No matter that it was filmed largely in China, 'Skiptrace' hews closer to the Hollywood action comedies that Jackie Chan was making for a predominantly Western audience in the early 2000s than the big- budget Chinese historical epics that he has been making thereafter. Like 'Rush Hour' or 'Shanghai Noon' therefore, Jackie is here accompanied by an American sidekick whose main and perhaps only purpose is to serve as his comic foil – and that honour this time round has been bestowed on 'Jackass' star Johnny Knoxville. Yet even though it plays completely according to formula by allowing Jackie and Johnny to bicker and joust together and against each other, there is something distinctly diminishing about their 'odd-couple' enterprise this time round, such that the Renny Harlin-directed film is never quite as exciting or amusing as it needs to be in order to be entertaining.
To be sure, it does begin on a high by introducing Jackie's Hong Kong police officer Bennie Chan in the midst of a raid on a drug trade happening in one of Tai-O's stilt houses. It is nothing spectacular to be frank, but seeing Jackie do what he does best is always a treat. Just as Jackie, Johnny's character also gets an extended introduction that establishes him as the disarmingly charming hustler Connor Watts, who arrives in Macau with Russian gangsters on his heel for owing a debt to their boss Dima. Connor is twice unwittingly caught up in Victor's affairs by being at the wrong place and the wrong time to have seen Victor shoot dead a female with apparently incriminating evidence against the latter, which also explains why he opts to go with the Russians later on. It is this turn of events that sets Connor up as a prized witness for Bennie as well as a target whom Victor sends his henchmen (led by Leo Ku) to eliminate.
Bennie's initial run-in with the Russians that kicks off the middle act is probably the most lively action sequence among the three elaborate ones that Jackie stages throughout the course of the movie. Jackie is as playful as ever in these scenes, whether stuffing Connor in a bin and rolling him down the pavements or using a life-sized Russian doll to evade the blows of a tough leather-clad female opponent dubbed the 'Siberian Terminator' (Eve Torres), but this is unfortunately also the point where it (sometimes literally) starts going downhill.
Because Jackie has taken it upon himself to be China's unofficial ambassador to the world, 'Skiptrace' also carries with it his motivation to showcase the sights and cultures of the more native parts of China. And so, even though it defies narrative logic, Bennie's trek across China with Connor back to Hong Kong will include a dinner-and-dance with a Mongolian tribe where Jackie will perform Adele's 'Rolling in the Deep' (believe that!) as well as a stopover at a Yunnan village where the people happen to be releasing 'kongming lanterns' that evening and celebrating the 'Mud Festival' and 'Hundred Family Feast' in the morning. In between, Bennie and Connor sneak their way on board a train, drive a rickety two-seater vehicle into the Gobi Desert, row down a fast-flowing river on a raft buoyed by inflated pig skin and even spend a night in a cave spooning each other to keep warm.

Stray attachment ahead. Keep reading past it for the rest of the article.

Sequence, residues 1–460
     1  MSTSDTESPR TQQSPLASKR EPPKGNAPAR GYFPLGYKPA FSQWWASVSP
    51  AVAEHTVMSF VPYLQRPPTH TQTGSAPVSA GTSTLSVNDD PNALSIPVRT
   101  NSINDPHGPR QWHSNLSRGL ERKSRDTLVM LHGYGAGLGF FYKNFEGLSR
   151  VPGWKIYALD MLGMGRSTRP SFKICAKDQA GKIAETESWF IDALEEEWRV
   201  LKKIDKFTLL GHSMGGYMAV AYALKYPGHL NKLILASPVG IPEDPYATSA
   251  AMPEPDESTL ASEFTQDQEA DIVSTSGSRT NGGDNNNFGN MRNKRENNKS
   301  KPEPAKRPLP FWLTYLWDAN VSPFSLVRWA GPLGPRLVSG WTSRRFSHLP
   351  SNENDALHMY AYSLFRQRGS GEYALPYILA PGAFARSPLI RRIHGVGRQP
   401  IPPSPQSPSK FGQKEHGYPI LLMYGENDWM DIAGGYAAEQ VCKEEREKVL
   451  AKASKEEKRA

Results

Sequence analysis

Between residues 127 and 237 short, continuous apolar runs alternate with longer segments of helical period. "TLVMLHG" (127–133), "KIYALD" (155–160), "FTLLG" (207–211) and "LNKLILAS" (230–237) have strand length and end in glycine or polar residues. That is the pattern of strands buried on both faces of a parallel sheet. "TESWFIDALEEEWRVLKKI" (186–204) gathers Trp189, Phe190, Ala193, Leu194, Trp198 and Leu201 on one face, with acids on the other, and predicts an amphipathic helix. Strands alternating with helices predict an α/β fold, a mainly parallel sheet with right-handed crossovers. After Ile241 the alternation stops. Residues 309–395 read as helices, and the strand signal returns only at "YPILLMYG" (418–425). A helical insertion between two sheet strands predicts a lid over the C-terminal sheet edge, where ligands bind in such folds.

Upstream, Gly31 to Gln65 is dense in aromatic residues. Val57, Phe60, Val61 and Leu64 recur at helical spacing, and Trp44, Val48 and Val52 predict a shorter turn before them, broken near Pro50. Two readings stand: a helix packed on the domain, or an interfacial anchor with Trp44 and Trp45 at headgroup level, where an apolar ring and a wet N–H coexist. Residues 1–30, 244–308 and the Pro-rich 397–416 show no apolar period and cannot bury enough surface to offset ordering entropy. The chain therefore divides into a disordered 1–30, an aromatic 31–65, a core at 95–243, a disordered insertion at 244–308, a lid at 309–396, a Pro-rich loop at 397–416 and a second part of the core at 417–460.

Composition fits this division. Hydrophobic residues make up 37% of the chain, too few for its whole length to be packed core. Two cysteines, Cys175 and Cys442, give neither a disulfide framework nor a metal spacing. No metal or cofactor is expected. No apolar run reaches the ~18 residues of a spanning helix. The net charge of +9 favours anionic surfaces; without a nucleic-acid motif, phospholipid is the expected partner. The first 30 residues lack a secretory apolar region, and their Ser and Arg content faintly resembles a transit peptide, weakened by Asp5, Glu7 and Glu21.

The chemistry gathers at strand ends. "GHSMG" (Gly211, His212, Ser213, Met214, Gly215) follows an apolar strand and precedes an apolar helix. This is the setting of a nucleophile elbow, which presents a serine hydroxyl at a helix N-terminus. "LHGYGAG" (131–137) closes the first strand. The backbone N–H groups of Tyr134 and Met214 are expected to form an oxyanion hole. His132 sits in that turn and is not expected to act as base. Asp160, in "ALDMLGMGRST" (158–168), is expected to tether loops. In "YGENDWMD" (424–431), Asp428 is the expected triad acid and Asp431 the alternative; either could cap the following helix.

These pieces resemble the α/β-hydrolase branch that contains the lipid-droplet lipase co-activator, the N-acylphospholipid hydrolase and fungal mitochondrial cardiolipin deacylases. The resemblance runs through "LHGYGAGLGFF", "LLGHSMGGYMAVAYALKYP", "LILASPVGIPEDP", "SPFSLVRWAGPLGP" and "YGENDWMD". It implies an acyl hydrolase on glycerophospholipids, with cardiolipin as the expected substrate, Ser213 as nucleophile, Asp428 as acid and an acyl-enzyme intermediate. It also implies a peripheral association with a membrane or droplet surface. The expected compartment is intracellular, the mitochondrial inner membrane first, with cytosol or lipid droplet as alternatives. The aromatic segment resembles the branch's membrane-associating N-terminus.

Yet even with these opportunities for bonding, one never gets a real sense of camaraderie between the two travellers. That is partly because Jackie often takes the moral high ground chastising Connor for not being a 'man of honour', partly because Johnny spends most of his time scowling for being dragged against his will across China, partly because the script by first-time writers Jay Longino and Bendavio Grabinski lacks character depth, and also because Jackie and Johnny do not quite share enough chemistry to turn the antagonism between their characters into the sort of 'love-hate' relationship that the movie needs. As a result, Connor's change of heart later on feels obligatory, be it a newfound sense of honour that motivates him to speak up for the truth or a renewed sense of loyalty towards Bennie to help a 'brother' in time of need.
Ditto the final setpiece set at a shipyard in Hong Kong – notwithstanding a late twist on the identity of 'The Matador', the action feels tired and uninspired, even with Jackie doing a lot of running around. His best sequences have always had an operatic grace and order to them, but Jackie's last hurrah here lacks elegance and comes across haphazard – and is even overshadowed by a girl-on-girl showdown between Torres and Mainland actress Zhang Lanxin. That is even more disappointing considering how Jackie and his director Renny (of 'Die Hard 2' and 'Cliffhanger') are supposed to be pros at staging such high-wire acts, but seem content to go out in a middling way here.
Alas that sentiment is true of the movie as a whole, which ultimately lacks the screen rapport (between Jackie and Johnny) so sorely needed to make the buddy-comedy pop. By the time he finally got this made, Jackie too seems exhausted, and those looking for his usual level of energy or inventiveness will surely go away empty. Even on the level of the Hollywood action comedies Jackie used to make, this probably ranks among one of his least, not as dire or embarrassing as 'The Spy Next Door' but not quite much better than 'The Tuxedo'. This is no 'CZ12' for sure, and seeing as how Jackie has already lined up 'Railroad Tigers' for the end of the year, you'll be better off waiting for that than this 'Rush Hour' reject neither fun nor thrilling enough to even justify a fourth instalment under the banner.
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